Economic Freedom in United Kingdom sinks to historic low whilst rising slightly worldwide

The UK is ranked 12th out of 144 countries included in the Economic Freedom of the World: 2012 Annual Report, released today by the Fraser Institute in conjunction with the Institute of Economic Affairs. Last year, the UK ranked 7th.

Globally, the average economic freedom score rose slightly to 6.83 in 2010, the most recent year available, after plummeting to its lowest level in nearly three decades with a score of 6.79 in 2009.

“Governments around the world embraced heavy-handed regulation and extensive spending in response to the American and European debt crises, reducing economic freedom in the short term and prosperity over the long term,” said Philip Booth, Editorial and Programme Director of the Institute of Economic Affairs.

“In Britain, this was exacerbated by the increase in government spending and regulation in the early twenty-first century. The results, as far as economic growth are concerned, are very clear to see.”

The slight increase in this year’s worldwide economic freedom score is encouraging. Impressively, all five continents are represented in the global top 10.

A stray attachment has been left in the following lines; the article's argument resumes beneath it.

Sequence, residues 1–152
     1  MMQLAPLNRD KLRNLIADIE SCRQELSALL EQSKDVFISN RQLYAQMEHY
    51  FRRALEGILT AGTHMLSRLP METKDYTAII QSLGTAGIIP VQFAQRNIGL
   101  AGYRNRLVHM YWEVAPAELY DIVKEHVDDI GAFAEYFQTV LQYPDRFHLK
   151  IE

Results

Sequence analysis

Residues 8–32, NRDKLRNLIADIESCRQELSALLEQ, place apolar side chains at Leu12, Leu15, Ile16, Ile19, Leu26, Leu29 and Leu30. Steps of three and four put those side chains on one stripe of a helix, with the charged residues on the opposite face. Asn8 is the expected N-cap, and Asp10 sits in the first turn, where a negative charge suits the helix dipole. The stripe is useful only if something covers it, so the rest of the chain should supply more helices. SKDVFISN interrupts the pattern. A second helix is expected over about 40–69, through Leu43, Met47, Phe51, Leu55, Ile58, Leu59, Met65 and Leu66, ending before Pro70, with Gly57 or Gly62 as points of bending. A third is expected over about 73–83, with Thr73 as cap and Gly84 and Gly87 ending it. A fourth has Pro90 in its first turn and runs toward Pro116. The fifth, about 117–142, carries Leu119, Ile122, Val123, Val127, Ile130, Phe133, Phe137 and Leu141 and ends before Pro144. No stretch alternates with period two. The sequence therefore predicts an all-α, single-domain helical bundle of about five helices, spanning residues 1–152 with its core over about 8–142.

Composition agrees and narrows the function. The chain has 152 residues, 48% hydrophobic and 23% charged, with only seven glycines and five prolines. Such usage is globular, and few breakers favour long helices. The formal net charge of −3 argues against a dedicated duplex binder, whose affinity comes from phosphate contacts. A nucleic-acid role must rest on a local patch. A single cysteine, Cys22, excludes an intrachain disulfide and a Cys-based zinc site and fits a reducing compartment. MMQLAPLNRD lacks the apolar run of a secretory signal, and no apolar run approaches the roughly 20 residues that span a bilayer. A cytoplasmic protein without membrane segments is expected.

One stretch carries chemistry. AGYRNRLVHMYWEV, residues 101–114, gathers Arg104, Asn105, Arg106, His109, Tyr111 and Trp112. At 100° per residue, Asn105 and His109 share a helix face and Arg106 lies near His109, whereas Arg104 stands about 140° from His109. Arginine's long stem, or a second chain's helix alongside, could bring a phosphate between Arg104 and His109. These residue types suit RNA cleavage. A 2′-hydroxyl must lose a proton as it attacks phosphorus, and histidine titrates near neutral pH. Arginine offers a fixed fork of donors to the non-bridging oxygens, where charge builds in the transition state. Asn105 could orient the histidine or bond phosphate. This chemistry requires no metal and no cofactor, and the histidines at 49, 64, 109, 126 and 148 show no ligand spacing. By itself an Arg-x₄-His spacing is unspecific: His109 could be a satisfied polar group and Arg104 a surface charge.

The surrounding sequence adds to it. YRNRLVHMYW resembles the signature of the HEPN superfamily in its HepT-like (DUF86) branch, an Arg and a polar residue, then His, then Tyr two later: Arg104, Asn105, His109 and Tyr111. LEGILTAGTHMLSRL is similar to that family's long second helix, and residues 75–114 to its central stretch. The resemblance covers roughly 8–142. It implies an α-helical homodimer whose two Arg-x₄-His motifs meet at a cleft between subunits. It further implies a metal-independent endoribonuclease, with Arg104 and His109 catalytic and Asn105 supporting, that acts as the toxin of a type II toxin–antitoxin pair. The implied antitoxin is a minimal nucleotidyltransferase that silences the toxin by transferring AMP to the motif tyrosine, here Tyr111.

Hong Kong again topped the rankings of 144 countries, followed by Singapore, New Zealand, and Switzerland. Australia and Canada tied for fifth overall.

The United States, long considered a champion of economic freedom among large industrial nations, continues its protracted decline in the global rankings. This year, the U.S. plunged to its lowest-ever ranking of 18th, down from 10th in 2008 and second overall in 2002. Much of this decline is a result of higher spending and borrowing on the part of the U.S. government.

Venezuela has the lowest level of economic freedom among the 144 jurisdictions measured. Myanmar, Zimbabwe, Republic of Congo, and Angola round out the bottom five nations.

Research shows that people living in countries with high levels of economic freedom enjoy greater prosperity, higher levels of political and civil liberties, and longer life expectancies.

“Sadly, the bottom-ranked countries offer a significantly lower quality of life, reduced prosperity, and limited opportunities for growth,” said Mark Littlewood, Director General of the Institute of Economic Affairs

The UK scores in key components of economic freedom (from 1 to 10 where a higher value indicates a higher level of economic freedom):

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